Yes, I seem to remember the only rail system in the USA that is cost effective is NYC... I'm all for rail as I think trains are cool, but as with everything else they need to make financial sense and not a pie in the sky tree hugging boondoggle that probably does more harm to the environment and costs a lot of money than if nothing was done. Plus one thing I never see done is the environmental cost of building a rail - lost trees, emissions of the heavy equipment building the rail, pollution from making the raw materials for the rail, etc.. I bet for smaller cities the environmental payback never happens (along with the economic) and a net hurt was put to the environment.

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    Re: Electric cars' design could spark new environmental challenge

    Quote Originally Posted by BlackGTP View Post
    Yes, I seem to remember the only rail system in the USA that is cost effective is NYC... I'm all for rail as I think trains are cool, but as with everything else they need to make financial sense and not a pie in the sky tree hugging boondoggle that probably does more harm to the environment and costs a lot of money than if nothing was done.
    There seems to be a growing mindset that costs don't matter anymore, only wishes & dreams do. Good luck in the long term with that as a guiding principal.

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    Re: Electric cars' design could spark new environmental challenge

    Quote Originally Posted by 09W View Post
    There seems to be a growing mindset that costs don't matter anymore, only wishes & dreams do. Good luck in the long term with that as a guiding principal.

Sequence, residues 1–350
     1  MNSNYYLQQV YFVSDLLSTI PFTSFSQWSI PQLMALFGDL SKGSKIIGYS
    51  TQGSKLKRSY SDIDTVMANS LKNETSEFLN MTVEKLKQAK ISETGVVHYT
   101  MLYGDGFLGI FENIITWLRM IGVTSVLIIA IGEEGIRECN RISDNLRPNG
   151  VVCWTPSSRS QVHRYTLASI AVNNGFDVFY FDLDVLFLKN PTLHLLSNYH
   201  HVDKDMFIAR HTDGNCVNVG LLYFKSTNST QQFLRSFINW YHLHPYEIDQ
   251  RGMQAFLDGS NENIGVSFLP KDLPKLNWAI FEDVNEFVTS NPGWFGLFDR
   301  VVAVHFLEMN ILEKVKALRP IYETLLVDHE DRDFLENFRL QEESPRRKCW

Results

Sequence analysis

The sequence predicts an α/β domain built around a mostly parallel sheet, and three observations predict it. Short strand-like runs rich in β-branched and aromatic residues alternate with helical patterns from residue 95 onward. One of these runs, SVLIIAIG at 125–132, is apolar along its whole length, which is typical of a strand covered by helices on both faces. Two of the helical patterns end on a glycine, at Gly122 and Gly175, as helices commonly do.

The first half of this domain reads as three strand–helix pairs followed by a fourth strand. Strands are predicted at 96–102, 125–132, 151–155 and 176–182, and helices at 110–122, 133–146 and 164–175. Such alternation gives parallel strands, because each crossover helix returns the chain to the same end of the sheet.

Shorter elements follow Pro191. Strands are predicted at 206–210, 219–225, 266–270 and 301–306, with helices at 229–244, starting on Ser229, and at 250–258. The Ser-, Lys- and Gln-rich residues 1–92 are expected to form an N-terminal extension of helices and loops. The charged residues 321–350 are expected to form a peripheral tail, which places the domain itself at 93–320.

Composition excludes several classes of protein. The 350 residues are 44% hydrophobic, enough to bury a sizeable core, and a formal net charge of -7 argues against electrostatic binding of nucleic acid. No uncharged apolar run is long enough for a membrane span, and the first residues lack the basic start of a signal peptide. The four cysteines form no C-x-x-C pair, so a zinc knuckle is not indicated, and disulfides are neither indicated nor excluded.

Wishes and dreams, and coolness and "won't THOSE FOOLS be impressed by this!" mindset. Kommiefornia high speed rail is still struggling and will no be completed in the lifetime of a typical 30 year old GMI'er.

    Yet it can be done:

    Taiwan is a far poorer place than California — with median household income just one-fourth of ours—but still it managed to afford high-speed rail. It’s far less populous, with only 23 million people, but its fast trains attract a huge ridership.

    Taiwan’s high-speed rail resembles what California’s might have been if we hadn’t lost our nerve.

    Taiwan’s population, like California’s, is mostly along its west coast. So at the century’s turn, Taiwan started construction on a high-speed rail line linking Taipei City, in the north, to Kaohsiung, in the south. That’s a distance of 225 miles, about the same as California’s planned first phase of high-speed rail, from San Jose to Bakersfield.

    But Taiwan began operating its line in less than seven years, at a cost of $18 billion. It’s unclear whether California’s will ever be finished, or what the costs, estimated at $68 billion, will be.

    Paradoxically, Taiwan’s project was completed less expensively because it didn’t do high-speed rail on the cheap.

    While California established an underfinanced government authority to lead the project, Taiwan’s biggest businesses came together to create a private corporation. The deal to establish the corporation gave the government a minority stake and created a concession: the company would operate high-speed rail for 35 years, after which it would have to give the system back to the government.

    Construction difficulties that have been used as excuses in California were surmounted in Taiwan. Taiwan’s project met strict environmental requirements, protecting a beautiful-but-endangered bird: the Pheasant-tailed Jacana. While California blames earthquake faults for delays and higher costs here, seismically active Taiwan built safely to incorporate risks from earthquakes — and from hurricanes and landslides. And even as California’s high-speed rail authority was stymied by the costs of viaducts and tunneling, Taiwan created a system with even more tunneling and the world’s second-longest bridge, the 97-mile Changhua-Kaohsiung Viaduct.